During normal times – pre-COVID-19 pandemic – research to identify causes or develop strategies for prevention and early detection of rare cancers is highly challenging. During the current crisis, all of these challenges have been greatly amplified, especially around meeting protocol-specified procedures, such as administration, adherence and laboratory/diagnostic testing for clinical trials.[1]

Self-isolation, site closures, travel limitations and interruptions to the supply chain have jeopardized progress for drugs being manufactured for rare cancers and hematological malignancies. This includes those that affect the blood, bone marrow and lymph nodes, including leukemia, chronic lymphocytic, acute myeloid, chronic myeloid, myeloma and lymphoma.[2]

In the United States, 1 in 5 cancers diagnosed is a rare cancer, which is defined as an incidence of fewer than six cases per 100,000 people per year. This means that 200 forms of rare cancer compose around 20-25% of all U.S. cancer diagnosis and affect more than 400,000 Americans per year.[1]

Typically, oncology takes a physician-driven approach to therapies. But for cancer patients—during the pandemic and beyond—a patient-first approach to specialty Rx is more effective, no matter what the disease. Patient-first strategies include tools to enable in-home clinical services, direct-to-patient support and remote monitoring for keeping clinical trials on track. This is important because patient-first strategies can shorten the time from the clinical trial to commercialization, enhancing patient access to the medication and capturing 90% of patients during the transition period within 30 days.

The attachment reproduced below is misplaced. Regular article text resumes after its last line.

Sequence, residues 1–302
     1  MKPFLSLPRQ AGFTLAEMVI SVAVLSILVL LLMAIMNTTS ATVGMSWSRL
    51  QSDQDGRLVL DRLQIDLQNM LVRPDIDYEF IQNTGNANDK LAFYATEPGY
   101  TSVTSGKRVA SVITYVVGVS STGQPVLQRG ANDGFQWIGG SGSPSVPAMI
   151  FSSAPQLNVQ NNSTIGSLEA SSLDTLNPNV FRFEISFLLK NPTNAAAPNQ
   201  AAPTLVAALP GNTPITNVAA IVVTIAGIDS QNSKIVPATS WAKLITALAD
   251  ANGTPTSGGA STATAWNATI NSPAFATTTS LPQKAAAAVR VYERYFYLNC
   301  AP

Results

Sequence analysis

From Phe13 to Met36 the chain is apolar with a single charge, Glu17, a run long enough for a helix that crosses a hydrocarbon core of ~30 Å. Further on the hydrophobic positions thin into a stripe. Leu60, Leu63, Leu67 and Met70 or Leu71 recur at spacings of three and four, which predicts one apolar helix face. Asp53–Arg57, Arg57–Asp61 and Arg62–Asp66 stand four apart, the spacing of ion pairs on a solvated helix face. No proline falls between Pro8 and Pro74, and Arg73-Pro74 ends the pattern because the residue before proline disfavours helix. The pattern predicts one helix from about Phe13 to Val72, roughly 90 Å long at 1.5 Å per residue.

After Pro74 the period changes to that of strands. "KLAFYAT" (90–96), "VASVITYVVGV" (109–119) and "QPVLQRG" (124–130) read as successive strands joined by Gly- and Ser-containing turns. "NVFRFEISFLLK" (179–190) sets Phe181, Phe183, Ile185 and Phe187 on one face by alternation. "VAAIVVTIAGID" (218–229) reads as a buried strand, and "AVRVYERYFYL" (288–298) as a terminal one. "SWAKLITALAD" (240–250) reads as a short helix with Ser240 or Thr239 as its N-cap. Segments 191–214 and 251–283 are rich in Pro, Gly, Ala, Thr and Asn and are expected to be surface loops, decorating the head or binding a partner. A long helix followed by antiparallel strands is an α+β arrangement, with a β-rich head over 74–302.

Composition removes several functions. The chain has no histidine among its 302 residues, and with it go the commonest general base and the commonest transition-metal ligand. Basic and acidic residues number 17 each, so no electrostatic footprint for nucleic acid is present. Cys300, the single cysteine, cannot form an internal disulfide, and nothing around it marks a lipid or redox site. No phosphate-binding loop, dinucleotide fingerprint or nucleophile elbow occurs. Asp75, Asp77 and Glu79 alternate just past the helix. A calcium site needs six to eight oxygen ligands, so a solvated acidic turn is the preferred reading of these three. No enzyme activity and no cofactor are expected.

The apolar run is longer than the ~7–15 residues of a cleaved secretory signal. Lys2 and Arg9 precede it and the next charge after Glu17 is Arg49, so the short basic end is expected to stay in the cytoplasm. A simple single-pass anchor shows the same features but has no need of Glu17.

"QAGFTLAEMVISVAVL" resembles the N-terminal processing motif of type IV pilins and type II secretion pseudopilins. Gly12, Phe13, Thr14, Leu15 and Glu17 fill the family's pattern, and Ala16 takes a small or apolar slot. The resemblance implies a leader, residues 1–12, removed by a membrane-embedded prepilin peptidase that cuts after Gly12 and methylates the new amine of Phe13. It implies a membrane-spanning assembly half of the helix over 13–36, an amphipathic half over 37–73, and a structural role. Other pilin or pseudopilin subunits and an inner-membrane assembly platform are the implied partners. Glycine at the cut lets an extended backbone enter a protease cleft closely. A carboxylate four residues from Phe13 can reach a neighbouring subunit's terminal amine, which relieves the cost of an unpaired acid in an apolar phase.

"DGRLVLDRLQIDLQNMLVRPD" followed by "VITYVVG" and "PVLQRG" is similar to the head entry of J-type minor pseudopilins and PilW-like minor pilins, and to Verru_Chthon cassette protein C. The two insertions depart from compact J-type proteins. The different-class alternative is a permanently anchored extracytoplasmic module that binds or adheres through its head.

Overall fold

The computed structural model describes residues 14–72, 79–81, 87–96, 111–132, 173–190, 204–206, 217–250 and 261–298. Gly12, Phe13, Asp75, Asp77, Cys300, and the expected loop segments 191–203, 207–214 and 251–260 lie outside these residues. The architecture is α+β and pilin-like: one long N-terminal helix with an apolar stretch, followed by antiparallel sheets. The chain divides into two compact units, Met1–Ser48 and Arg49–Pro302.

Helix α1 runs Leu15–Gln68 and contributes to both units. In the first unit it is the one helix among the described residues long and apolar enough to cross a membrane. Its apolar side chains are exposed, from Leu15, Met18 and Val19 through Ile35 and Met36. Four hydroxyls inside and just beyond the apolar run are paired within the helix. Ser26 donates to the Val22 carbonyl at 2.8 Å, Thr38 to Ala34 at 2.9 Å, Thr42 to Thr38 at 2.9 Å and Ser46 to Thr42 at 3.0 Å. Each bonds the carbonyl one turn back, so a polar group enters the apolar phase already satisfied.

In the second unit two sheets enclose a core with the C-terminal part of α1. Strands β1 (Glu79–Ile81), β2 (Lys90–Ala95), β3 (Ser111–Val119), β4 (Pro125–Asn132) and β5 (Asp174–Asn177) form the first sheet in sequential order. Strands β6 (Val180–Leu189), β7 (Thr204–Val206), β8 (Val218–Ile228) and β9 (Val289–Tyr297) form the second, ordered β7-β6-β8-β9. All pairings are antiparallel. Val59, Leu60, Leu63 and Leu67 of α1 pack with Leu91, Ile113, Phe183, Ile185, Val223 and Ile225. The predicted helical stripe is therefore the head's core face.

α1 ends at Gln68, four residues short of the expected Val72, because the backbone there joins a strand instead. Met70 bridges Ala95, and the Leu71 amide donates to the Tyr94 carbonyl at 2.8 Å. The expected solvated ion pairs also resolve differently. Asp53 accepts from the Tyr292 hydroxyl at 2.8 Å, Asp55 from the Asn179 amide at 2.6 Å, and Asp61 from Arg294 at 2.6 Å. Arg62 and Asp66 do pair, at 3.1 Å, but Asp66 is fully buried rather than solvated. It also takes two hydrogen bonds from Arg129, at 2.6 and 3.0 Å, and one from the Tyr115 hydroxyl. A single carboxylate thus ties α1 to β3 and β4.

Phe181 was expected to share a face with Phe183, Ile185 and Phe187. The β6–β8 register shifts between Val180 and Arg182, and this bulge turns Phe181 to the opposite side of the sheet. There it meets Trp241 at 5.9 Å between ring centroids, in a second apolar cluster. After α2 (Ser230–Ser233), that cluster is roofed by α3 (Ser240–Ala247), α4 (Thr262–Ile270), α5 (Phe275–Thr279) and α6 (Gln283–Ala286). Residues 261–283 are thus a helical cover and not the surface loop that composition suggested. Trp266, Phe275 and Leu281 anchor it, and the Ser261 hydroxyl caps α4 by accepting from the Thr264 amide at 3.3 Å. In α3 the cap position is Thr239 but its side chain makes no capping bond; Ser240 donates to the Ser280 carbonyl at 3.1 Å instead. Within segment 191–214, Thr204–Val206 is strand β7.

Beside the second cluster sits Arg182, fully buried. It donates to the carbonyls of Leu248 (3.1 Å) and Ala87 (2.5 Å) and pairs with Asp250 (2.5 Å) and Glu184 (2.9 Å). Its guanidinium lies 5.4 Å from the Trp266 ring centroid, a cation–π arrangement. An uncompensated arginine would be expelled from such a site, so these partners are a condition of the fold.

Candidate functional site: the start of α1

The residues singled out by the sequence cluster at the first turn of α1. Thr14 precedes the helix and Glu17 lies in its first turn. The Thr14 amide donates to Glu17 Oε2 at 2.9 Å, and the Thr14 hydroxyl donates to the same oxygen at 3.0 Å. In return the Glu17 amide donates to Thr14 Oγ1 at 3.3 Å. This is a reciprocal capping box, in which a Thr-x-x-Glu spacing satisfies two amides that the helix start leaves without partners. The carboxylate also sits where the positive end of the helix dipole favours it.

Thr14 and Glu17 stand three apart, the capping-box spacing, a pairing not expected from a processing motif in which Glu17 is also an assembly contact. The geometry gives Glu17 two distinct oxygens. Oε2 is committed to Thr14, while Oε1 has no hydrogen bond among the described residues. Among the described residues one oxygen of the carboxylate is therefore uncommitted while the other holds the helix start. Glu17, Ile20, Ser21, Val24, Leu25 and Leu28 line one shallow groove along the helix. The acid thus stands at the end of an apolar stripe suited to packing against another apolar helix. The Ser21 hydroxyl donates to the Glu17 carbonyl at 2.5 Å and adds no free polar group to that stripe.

Multiple scientific and operational challenges are inherent for these specialized populations across the clinical trial ecosystem, including the adoption of new strategies, operating models and processes, according to a report from Tufts Center for the Study of Drug Development. The COVID-19 pandemic also presents additional issues for patients, providers and drug manufacturers for the rare cancer market, from covering the high cost of clinical trials to patient recruitment, enrollment and retention.

Spotlight on COVID-19 Challenges
During the pandemic, rare cancer patients have encountered difficulties in accessing much-needed therapy adherence support. While many of these patients have struggled with reduced care, isolation and treatment adherence issues for most of their lives, they now face elevated stressors because they are immunosuppressed, conscious of infection and hypersensitive to viral threats.

What’s more, some pharmacies have reduced their hours. This impacts communication with physicians and local pharmacists, which has already been severely disrupted due to curtailed hours and the need for social distancing.

Partnering with Patient-First Management Solution
While traditional models are built for scale, stakeholders are now seeking a more individualized approach that puts rare cancer patients at the center of care. These more focused, customized services deliver personalized expertise to overcome the limitations of legacy care models and provide cost-effective programs for small patient populations.